Diabetes and hypertension are associated with elevated beta-amyloid burden: evidence from the prospective population-based Rotterdam Study

Joyce van Arendonk, Julia Neitzel*, Rebecca M.E. Steketee, Daniëlle van Assema, Marcel Segbers, M. Arfan Ikram, Meike W. Vernooij

*Corresponding author for this work

Research output: Contribution to journalComment/Letter to the editorAcademicpeer-review

Abstract

Background: Higher vascular risk increases the likelihood of developing dementia. Better understanding the association between vascular risk and Alzheimer’s disease (AD) pathology at the pre-dementia stage is critical for developing effective strategies to delay cognitive decline. In this work, we estimated the impact of vascular risk on the presence and severity of in-vivo measured brain beta-amyloid (Aβ) plaques in participants from the population-based Rotterdam Study. Methods: Vascular risk factors (hypertension, hypercholesterolemia, diabetes, obesity, physical inactivity, and smoking) were assessed twelve and seven years prior to 18F-florbetaben positron emission tomography (PET) in 506 dementia-free participants. Vascualr risk factors were associated with binary amyloid PET status or continuous PET readouts (SUVr values) using logistic and linear regression models respectively, adjusted for age, sex, education, APOE4 risk allele count, and time between vascular risk and PET assessment. Results: Participants’ mean age at time of amyloid PET was 68 years (range: 60-90), 262 (51.8%) were women and 158 (31.2%) carried at least one APOE4 risk allele (Figure 1). The adjusted prevalence estimates of an amyloid-positive PET status markedly increased with age (12% in 60-69y vs. 45.5% in 80-89y age-groups) and APOE4 allele count (8.3% in non-carriers vs. 34.8 to 58.8% in carriers of one or two risk allele(s); Figure 2). A diagnosis of diabetes seven years prior to PET assessment was associated with a higher risk of a positive amyloid status (OR[95%CI]=4.07[1.66–9.71], P=0.002; Figure 3) and higher SUVr values, indicating more severe Aβ pathology (standardized beta=0.478[0.205–0.750], P=0.001; Figure 4). We found evidence for an association between hypertension and higher SUVr values in APOE4 carriers, but not in non-carriers (interaction: standardized beta=0.425[0.092–0.758], P=0.013; Figure 5). Hypercholesterolemia, obesity, physical inactivity and smoking were not related to amyloid PET measures. Conclusion: The current findings suggest a contribution of diabetes and hypertension to the pathophysiology of AD. Since both conditions respond well to lifestyle modification and drug treatment, further research should be conducted to examine the preventative effect of early risk management on the development of AD neuropathology.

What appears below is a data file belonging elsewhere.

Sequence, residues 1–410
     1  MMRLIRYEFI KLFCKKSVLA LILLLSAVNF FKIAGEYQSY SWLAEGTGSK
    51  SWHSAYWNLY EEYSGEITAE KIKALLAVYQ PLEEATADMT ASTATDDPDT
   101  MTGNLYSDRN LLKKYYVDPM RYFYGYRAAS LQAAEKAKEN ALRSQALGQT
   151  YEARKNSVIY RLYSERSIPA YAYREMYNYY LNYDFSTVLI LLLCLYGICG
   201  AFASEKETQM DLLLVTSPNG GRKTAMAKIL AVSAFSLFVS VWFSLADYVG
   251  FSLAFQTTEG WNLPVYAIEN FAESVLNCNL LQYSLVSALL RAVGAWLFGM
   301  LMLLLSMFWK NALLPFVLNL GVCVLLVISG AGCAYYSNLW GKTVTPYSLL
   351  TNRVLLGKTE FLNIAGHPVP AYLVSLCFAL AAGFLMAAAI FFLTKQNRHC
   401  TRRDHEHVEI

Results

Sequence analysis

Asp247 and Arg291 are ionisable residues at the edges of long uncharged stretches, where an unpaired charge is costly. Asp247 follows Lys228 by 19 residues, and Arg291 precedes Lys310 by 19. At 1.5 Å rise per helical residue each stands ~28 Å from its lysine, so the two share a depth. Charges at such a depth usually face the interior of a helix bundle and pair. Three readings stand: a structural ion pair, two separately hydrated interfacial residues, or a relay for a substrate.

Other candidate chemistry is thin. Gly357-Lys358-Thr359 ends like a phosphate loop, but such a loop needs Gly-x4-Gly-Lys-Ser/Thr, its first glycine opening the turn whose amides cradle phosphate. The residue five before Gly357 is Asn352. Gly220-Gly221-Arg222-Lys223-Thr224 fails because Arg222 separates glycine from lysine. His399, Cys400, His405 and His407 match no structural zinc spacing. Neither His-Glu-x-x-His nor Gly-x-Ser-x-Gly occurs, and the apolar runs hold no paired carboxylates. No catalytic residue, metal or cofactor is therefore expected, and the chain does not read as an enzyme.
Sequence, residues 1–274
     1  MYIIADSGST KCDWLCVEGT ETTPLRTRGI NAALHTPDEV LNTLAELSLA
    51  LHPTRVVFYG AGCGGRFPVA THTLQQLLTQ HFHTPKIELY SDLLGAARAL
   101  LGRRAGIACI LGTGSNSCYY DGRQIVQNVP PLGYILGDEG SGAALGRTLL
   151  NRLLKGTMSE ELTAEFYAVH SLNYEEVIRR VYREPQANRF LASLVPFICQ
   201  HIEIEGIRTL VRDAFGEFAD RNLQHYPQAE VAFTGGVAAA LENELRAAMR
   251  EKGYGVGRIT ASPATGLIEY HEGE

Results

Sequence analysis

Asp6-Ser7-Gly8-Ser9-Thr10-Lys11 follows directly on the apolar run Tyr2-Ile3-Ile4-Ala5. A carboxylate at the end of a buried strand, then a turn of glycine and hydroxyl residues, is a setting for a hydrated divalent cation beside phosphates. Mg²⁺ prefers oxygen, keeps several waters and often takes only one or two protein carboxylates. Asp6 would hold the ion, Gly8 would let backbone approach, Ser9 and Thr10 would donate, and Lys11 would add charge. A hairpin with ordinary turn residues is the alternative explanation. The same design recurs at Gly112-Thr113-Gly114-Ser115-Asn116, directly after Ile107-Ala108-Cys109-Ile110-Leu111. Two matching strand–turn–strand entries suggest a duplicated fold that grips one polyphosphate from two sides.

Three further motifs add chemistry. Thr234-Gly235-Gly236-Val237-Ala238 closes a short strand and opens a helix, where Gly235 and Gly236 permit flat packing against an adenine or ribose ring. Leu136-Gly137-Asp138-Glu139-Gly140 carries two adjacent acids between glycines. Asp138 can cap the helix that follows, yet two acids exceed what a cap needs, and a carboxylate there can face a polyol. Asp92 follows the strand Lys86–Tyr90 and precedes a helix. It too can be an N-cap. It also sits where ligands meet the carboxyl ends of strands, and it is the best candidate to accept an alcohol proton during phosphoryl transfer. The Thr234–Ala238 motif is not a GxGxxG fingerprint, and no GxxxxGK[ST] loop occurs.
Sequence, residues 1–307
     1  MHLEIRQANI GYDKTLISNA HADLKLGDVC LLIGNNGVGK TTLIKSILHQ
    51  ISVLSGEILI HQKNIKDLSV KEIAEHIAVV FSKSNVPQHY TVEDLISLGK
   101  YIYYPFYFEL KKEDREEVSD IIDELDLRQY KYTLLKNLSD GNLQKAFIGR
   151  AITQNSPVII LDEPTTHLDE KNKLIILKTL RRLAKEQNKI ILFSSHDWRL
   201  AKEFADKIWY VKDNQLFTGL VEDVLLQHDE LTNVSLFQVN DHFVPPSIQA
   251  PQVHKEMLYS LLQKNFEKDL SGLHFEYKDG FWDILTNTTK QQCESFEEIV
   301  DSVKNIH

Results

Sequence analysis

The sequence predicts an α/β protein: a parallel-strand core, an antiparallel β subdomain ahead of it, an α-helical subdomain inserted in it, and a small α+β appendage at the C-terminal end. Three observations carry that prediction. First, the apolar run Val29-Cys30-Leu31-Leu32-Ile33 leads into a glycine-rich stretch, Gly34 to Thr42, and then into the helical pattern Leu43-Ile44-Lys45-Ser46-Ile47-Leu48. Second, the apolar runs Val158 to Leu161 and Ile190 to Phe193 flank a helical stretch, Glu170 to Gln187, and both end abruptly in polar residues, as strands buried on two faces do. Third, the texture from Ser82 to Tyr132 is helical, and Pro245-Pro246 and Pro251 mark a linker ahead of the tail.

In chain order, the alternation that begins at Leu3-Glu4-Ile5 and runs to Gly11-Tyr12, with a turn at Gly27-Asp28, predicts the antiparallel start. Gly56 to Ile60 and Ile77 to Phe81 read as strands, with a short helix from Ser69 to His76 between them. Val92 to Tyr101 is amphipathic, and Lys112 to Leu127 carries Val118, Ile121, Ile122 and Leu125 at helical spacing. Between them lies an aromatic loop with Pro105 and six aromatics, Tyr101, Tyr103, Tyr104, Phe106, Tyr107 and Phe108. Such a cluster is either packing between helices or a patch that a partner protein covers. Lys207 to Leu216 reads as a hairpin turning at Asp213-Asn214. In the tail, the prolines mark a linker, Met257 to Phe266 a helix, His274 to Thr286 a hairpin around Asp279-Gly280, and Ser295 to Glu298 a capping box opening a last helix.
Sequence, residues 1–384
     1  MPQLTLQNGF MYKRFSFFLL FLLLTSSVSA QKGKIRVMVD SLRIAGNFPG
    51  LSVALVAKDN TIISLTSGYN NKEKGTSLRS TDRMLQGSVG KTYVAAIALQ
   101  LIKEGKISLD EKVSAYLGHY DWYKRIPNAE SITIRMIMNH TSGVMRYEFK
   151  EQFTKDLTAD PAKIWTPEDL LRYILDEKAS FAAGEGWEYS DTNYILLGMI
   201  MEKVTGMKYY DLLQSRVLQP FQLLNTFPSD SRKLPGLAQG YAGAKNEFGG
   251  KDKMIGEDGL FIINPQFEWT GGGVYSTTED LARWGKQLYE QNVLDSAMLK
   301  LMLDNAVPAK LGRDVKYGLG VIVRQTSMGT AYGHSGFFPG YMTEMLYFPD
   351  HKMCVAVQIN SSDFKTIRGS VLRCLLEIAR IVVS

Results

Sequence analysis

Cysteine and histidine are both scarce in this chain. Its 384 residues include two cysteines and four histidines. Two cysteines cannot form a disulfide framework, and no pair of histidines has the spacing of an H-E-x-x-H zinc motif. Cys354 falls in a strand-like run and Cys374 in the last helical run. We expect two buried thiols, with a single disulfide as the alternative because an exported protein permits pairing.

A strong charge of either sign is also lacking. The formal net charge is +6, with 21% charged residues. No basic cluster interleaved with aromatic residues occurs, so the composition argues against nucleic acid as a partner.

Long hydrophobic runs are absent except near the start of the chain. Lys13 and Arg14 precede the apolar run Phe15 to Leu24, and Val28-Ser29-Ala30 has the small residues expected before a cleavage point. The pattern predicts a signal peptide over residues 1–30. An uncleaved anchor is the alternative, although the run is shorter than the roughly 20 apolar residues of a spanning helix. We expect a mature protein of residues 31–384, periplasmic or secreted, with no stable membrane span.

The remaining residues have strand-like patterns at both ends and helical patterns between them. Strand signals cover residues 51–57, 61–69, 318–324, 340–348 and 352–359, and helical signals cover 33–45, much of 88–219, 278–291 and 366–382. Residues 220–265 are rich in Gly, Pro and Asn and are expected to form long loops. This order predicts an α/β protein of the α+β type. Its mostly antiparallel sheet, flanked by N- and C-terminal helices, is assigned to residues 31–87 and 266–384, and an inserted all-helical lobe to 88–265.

Original languageEnglish
Article numbere061433
JournalAlzheimer's and Dementia
Volume18
Issue numberS1
DOIs
Publication statusPublished - 20 Dec 2022

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© 2022 the Alzheimer's Association.

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